Caroline has curated several major exhibitions of Faberge from the Royal Collection and lectured and published internationally. She is the Joint Curator of the current exhibition  Russia, Royalty and the Romanovs, which is being held at The Queen’s Gallery, Buckingham Palace from November 9th 2018 until April 29th 2019. Her major publication , a catalogue raisonne of Faberge in the Collection of Hr Majesty the Queen is due for publication in 2020.   (AN ILLUSTRATED TALK).

A  UNIQUE PRESENTATION. UNMISSABLE!

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Saturday 6th April 2019.Organizing a Group Visit  to The Queen’s Gallery at Buckingham Palace.

Assemble outside the entrance to The Queen’s Gallery in Buckingham Palace Road by 10.45 am.

Subject to a minimum of 15 members (and/or friends of members) signing up and pre-paying BY SEPARATE CHEQUE payable to  THE GREAT BRITAIN-RUSSIA SOCIETY AND POSTED TO: The Hon. Membership Secretary, 43 Kenilworth Court, Lower Richmond Road, London SW15 1EN on or before Saturday 23rd March 2019, we will organize a GROUP VISIT TO TAKE PLACE ON SATURDAY APRIL 6TH 2019. Not currently bookable on-line through the website.

GROUP PRICES (PER PERSON)        Non Group Prices (per eprson_

Adult                     £10.80                  £12.00

Over 60 years       £  9.70                  £10.80

Students               £  9.00                  £10.00

Under 17               £  5.40                 £6.00

or Disabled           £  5.40                 £6.00

This is the Major Exhibition on “Royalty & The Romanovs” covering 300 years of history and running from November 9th 2018 until April 29th 2019. By April 6th we shall have heard from the two leading curators of this exhibition Stephen Patterson and Caroline de Guitaut.

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Thursday 11th April 2019 at Pushkin House, 5a Bloomsbury Square WC1A 2TA at 6.30 for 7.00 pm

“RUSSIA ON THE COUCH”

MR.MARK BRAYNE

Emphatically and enthusiastically recommended to us by Michael Holman, GB-Russia Society member and Emeritus Professor of Russian & Bulgarian at Leeds University

Churchill famously described Russia as a riddle wrapped in a mystery inside an enigma.. But perhaps there is a simpler way of understanding the world’s largest country. As Europe knows only too well from its own history, nations respond to stress and challenge with more emotion than reason, just as individuals facing crisis in their personal lives need  clear, unambiguous  boundaries and a sense of identity. Over the centuries Russia has had more than its fair share of trauma. So when we stop for a moment to understand, might it be that Stalin, and Putin, and Crimea, and the Skripals, and indeed Tolstoy and Dostoevsky and Ivan the Terrible and the rest in all their contradictions, make more sense than an Enlightened Westerner might immediately find comfortable? Join us for an evening with psychotherapist, Russian speaker and former BBC foreign Correspondent Mark Brayne for an illustrated journey into the heart of Russia.    (AN ILLUSTRATED TALK).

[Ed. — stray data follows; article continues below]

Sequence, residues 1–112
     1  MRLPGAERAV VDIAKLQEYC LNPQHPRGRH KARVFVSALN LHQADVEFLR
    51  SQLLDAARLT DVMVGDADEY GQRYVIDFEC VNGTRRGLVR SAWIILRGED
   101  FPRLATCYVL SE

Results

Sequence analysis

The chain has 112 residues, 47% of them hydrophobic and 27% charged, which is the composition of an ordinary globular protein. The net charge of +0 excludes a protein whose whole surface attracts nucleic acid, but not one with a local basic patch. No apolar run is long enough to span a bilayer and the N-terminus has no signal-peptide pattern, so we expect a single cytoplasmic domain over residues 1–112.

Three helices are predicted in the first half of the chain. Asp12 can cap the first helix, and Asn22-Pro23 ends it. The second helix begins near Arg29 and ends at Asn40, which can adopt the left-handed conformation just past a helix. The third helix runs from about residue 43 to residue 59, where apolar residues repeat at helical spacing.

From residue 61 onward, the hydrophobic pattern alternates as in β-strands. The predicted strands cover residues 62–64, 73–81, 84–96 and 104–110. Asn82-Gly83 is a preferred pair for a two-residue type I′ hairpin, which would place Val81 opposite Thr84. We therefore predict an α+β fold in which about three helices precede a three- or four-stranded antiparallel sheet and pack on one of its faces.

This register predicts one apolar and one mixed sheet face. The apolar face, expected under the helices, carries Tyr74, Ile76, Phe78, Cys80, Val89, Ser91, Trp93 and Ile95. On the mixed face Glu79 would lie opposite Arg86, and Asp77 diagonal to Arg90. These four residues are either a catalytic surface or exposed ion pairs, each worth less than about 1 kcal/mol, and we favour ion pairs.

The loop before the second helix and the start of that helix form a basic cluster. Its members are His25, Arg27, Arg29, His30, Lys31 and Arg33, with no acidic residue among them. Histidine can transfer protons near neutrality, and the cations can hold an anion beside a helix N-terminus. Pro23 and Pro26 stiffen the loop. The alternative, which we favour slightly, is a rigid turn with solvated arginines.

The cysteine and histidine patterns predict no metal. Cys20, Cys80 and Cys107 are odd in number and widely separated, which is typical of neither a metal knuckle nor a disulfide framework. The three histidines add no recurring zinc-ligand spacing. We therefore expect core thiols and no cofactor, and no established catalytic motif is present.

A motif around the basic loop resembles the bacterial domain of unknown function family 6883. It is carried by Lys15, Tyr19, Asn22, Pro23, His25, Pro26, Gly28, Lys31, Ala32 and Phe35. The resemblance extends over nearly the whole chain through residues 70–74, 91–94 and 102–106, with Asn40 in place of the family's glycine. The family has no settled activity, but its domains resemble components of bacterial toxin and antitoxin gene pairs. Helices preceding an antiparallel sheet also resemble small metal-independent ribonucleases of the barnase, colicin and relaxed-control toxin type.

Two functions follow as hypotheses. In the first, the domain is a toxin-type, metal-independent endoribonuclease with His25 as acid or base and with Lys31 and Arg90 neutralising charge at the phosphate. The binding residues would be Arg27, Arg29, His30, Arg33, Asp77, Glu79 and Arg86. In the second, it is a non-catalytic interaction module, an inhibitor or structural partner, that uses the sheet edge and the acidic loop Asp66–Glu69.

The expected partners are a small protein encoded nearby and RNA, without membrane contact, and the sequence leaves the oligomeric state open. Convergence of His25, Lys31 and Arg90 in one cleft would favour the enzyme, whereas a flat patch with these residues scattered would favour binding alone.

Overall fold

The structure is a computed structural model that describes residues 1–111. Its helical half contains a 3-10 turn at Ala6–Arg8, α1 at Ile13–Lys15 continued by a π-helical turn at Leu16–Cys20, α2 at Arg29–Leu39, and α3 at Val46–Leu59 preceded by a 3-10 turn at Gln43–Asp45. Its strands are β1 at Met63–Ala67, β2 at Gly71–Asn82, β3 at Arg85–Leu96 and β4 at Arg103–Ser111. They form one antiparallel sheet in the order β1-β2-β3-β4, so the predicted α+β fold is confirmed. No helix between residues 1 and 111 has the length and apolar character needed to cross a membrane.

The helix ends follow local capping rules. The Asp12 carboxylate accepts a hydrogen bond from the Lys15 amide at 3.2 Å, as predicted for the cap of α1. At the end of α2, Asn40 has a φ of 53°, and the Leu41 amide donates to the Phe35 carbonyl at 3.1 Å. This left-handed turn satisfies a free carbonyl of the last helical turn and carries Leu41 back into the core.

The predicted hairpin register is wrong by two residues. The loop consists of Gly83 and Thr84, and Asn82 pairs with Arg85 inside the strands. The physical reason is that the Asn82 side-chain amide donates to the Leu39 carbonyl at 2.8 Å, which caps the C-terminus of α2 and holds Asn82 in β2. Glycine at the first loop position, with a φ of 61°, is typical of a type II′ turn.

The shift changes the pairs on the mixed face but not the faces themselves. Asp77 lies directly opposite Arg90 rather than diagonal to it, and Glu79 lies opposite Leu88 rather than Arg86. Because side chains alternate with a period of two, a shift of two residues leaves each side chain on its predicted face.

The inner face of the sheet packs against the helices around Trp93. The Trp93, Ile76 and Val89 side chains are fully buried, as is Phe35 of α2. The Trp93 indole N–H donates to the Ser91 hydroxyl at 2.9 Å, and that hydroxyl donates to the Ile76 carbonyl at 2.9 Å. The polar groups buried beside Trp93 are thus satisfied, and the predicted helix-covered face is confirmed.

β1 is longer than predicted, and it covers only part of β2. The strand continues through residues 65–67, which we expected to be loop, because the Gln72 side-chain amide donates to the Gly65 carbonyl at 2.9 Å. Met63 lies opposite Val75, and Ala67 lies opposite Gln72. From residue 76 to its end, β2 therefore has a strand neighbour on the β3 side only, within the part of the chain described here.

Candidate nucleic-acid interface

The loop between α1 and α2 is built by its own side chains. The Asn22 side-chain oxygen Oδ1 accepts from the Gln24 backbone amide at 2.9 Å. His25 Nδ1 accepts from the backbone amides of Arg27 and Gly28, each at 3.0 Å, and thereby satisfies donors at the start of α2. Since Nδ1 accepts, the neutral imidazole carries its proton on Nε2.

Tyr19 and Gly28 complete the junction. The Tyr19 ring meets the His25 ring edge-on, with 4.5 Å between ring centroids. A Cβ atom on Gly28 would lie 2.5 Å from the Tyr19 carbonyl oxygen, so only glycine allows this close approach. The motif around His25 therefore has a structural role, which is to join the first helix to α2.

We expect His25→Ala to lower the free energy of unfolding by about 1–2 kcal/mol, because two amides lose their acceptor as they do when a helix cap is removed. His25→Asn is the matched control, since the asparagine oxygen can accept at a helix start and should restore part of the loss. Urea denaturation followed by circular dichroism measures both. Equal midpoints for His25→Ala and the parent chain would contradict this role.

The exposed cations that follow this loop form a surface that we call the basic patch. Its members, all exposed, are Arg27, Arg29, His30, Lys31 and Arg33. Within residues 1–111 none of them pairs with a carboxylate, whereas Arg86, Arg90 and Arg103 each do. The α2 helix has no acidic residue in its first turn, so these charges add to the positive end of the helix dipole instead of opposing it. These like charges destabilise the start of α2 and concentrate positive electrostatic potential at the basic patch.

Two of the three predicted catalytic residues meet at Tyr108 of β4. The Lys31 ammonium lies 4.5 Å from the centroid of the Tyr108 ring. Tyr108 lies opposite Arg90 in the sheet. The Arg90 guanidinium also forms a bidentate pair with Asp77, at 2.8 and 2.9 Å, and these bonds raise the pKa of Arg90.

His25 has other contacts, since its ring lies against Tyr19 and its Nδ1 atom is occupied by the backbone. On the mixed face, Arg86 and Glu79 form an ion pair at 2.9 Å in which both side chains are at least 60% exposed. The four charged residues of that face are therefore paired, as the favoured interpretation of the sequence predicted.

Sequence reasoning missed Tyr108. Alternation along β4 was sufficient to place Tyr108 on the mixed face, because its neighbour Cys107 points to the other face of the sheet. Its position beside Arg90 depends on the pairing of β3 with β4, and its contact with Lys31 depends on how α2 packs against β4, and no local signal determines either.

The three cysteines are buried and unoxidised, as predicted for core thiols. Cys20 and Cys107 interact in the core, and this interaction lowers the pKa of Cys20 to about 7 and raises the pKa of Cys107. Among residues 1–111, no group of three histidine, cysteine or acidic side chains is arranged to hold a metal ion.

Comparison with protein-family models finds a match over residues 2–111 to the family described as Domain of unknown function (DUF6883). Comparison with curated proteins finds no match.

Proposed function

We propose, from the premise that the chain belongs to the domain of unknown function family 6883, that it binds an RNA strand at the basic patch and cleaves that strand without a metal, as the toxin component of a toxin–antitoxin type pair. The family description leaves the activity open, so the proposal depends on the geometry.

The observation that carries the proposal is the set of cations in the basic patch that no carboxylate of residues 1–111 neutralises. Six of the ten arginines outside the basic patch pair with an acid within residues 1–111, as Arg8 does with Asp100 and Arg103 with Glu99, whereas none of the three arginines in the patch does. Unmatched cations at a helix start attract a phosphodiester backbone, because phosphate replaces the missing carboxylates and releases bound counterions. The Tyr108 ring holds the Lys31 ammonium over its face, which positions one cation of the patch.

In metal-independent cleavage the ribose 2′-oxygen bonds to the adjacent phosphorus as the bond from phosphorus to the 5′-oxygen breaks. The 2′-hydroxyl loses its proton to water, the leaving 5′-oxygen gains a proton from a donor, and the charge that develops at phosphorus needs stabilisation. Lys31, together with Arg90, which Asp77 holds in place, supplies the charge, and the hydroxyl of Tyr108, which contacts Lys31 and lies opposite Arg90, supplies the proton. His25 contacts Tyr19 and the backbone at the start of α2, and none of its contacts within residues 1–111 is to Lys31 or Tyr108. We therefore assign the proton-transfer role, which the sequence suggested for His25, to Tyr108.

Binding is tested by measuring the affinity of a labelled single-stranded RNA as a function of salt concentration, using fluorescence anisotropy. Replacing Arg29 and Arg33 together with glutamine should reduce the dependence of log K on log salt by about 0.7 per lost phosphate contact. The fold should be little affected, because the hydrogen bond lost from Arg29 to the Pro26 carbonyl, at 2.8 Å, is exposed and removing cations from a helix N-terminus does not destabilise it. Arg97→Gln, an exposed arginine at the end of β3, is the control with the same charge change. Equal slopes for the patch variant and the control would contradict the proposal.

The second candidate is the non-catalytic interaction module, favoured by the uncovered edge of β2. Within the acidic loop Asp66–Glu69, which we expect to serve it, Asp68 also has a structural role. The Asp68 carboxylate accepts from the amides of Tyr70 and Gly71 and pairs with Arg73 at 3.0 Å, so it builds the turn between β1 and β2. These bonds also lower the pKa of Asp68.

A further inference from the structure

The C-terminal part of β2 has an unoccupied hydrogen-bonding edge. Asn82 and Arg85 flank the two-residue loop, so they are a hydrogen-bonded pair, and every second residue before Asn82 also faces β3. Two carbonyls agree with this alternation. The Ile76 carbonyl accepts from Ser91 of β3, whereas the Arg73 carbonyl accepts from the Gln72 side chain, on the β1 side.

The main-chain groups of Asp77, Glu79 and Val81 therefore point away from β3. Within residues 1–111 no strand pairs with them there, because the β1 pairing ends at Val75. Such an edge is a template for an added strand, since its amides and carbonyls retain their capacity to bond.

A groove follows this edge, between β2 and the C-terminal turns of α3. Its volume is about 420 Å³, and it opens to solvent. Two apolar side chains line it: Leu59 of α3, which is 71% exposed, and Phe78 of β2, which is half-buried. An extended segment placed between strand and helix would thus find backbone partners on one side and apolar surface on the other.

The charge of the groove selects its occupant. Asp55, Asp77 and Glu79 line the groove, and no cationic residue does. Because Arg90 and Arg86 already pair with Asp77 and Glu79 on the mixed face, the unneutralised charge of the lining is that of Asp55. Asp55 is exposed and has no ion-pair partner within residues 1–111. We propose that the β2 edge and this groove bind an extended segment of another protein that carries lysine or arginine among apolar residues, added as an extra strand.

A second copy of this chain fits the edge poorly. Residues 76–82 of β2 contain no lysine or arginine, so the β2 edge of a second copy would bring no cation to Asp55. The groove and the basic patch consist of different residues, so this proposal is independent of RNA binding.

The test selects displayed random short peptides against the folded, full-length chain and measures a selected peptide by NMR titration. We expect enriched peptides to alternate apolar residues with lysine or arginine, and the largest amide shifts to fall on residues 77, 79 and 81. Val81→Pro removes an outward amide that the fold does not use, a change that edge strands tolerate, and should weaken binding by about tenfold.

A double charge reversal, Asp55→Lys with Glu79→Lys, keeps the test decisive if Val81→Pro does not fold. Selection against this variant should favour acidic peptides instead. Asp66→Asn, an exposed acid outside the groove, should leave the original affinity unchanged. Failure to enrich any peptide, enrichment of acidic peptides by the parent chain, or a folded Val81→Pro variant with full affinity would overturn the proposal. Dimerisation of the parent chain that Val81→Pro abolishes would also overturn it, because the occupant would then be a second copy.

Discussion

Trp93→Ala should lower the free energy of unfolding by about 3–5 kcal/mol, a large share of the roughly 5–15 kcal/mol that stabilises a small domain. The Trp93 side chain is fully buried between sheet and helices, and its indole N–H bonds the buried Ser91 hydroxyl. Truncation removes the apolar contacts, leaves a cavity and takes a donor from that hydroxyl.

Mark Brayne studied Russian at Leeds from 1968 to 1973, spending a year as a student in Moscow and going on to report from Russia and East Berlin for the Reuters news agency. With postings in Germany, Central Europe and China, and as Diplomatic Correspondent for the World Service until 1992, he covered the final years of the Cold War for BBC radio. Retraining in his spare time as a transpersonal psychotherapist through the late 1990s, Mark left the BBC in 2003 to set up the Dart Centre Europe for Journalism and Trauma, and specialises now in the treatment of PTSD, not just among journalists. Married since 1975 (with a short 14-year break for divorce) to his German wife Jutta, whom he met in Moscow, Mark is a keen photographer and long-distance cyclist, and will be setting off just a few days after this London talk to pedal from Moscow to Teheran via Volgograd  and Tbilisi – including, he hopes, a dogleg to Chechnya which he last visited in 1972.

YOU JUST SIMPLY DARE NOT & MUST NOT MISS THIS TALK! SOMETHING ABSOLUTELY UNIQUE AND SPECIAL. A FASCINATING FINALE TO THE SESSION.